The official line is that you shouldn't. But many people do, and if you are thinking of buying or selling second hand, here are some points to consider.
Infant car seats DO have expiry dates. Even if none is given on the seat itself, you should assume they will last for no more than 10 years from manufacture.
Of course that doesn't mean one moment it is safe and the next it is not. Like food with "use by" dates, car seats gradually "go off". Car seats get left in cars both day and night, where they are exposed to extremes of heat and cold, and eventually that can cause the plastic to start to break down.
Over in the US they make it very simple by printing the expiry date onto the plastic shell of the car seats (the manufacturer accepts no liability for product malfunction after this date!). Britax US gives its car seats a lifetime of 6 years and Peg Perego - the company that manufactures products for Mamas & Papas in the UK - states 5 years.
Here in the UK, things aren't quite so simple for the consumer as its not common practise to date stamp seats. Real life isn't so simple anyway. A car seat that has been stored indoors in a dry environment at moderate temperatures will last longer. But unless you know the full history of the seat I would recommend looking for nearly new items and avoid the ones that are already 5 or 6 years old.
Has it been in an accident?
A car seat is a "single use" item. Any car seat that is involved in a major crash should be binned immediately - cut off the straps, break up the shell and send it to the skip.
Sellers of used car seats tend to have children of their own (!) and realise how important it is not to put them at risk.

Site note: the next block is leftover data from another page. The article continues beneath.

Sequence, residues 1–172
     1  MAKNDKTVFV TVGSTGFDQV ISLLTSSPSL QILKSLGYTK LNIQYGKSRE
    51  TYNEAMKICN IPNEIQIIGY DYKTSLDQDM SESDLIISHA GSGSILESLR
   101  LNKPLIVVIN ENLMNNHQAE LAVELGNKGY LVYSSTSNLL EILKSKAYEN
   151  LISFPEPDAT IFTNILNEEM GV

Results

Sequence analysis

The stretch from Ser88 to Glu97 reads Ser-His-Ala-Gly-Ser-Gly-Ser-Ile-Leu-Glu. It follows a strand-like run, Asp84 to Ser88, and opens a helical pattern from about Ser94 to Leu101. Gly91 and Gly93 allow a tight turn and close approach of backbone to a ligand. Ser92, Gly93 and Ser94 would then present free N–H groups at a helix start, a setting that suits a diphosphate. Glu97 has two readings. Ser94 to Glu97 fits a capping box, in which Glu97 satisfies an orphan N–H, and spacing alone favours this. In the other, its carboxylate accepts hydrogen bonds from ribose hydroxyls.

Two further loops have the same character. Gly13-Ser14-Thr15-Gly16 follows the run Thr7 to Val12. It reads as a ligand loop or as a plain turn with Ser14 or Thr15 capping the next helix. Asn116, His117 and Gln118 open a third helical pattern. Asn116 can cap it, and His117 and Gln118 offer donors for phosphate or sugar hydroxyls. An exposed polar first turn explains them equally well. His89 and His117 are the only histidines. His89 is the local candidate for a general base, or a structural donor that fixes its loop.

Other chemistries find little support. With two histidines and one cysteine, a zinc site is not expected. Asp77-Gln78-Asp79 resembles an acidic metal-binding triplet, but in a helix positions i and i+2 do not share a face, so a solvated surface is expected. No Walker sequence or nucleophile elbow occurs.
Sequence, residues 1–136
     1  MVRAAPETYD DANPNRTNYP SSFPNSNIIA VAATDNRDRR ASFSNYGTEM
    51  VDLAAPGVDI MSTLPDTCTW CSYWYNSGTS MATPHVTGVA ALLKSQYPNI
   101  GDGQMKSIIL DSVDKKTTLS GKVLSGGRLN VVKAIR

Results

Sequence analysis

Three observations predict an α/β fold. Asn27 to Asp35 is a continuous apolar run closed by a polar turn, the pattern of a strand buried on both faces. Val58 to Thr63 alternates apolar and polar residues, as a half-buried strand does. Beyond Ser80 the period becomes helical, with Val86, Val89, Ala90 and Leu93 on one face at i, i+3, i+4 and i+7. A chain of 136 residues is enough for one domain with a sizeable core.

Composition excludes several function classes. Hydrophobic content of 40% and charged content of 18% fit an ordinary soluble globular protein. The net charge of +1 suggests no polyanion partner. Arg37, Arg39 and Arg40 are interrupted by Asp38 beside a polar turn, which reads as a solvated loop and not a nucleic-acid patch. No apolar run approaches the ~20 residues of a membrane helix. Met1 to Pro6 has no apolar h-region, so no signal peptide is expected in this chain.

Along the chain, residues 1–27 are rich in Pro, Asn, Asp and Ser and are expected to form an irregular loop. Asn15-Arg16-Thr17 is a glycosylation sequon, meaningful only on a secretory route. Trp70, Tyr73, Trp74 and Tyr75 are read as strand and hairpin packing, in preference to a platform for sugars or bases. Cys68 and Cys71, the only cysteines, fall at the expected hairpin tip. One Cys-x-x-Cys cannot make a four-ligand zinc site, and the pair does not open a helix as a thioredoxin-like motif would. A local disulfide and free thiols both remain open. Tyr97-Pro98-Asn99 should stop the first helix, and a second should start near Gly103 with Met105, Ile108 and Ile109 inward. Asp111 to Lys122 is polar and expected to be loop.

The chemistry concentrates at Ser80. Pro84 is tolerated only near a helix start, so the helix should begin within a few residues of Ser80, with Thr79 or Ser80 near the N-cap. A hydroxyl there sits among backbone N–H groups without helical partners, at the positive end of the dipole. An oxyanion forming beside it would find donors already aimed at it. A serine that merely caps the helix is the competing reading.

Did you know that you should replace your car seat seat belts after a major accident too? And yet people buy and sell second hand cars (with their seatbelts in) all the time.
But in the end it all comes down to trust, and if you're not comfortable, go out and buy a new one. If you must have a particular look, then maybe you can take the covers off the used seat, and put them onto a new seat in the same model.
Has it been cared for?
Does it have all its parts and are they all working properly?
Has it been kept clean and dry and stored indoors when not in use?
I read an auction recently where the seller had bleached/Miltoned the straps to kingdom come to try and get rid of black mildew spots! That is one car seat NOT to buy. The straps are a key part of the safety system, and the effect of harsh cleaners on the straps has not been tested, but it could weaken them. Better the mildew spots (which can be covered with strap pads) than weakened straps. Or better still buy one that has been kept clean and dry.
If you're a seller you should check these things before selling. Make sure there is no visible damage by looking under the covers to check the polystyrene shell is intact.
Buyers you need to make your own assessment of the condition. "Good condition" is very subjective, and a close up photo may tell you a lot more. When a car seat arrives check it over carefully before you think of using it.
... make sure you know how to install it properly - if you don't have the instructions, then you can pick up a copy of the instructions from the manufacturer. Both Britax and Mamas & Papas have instructions for download on their Websites.
Hope this answers any questions you may have about buying and selling second hand car seats. If you have anything to add to this Guide feel free to e-mail me.
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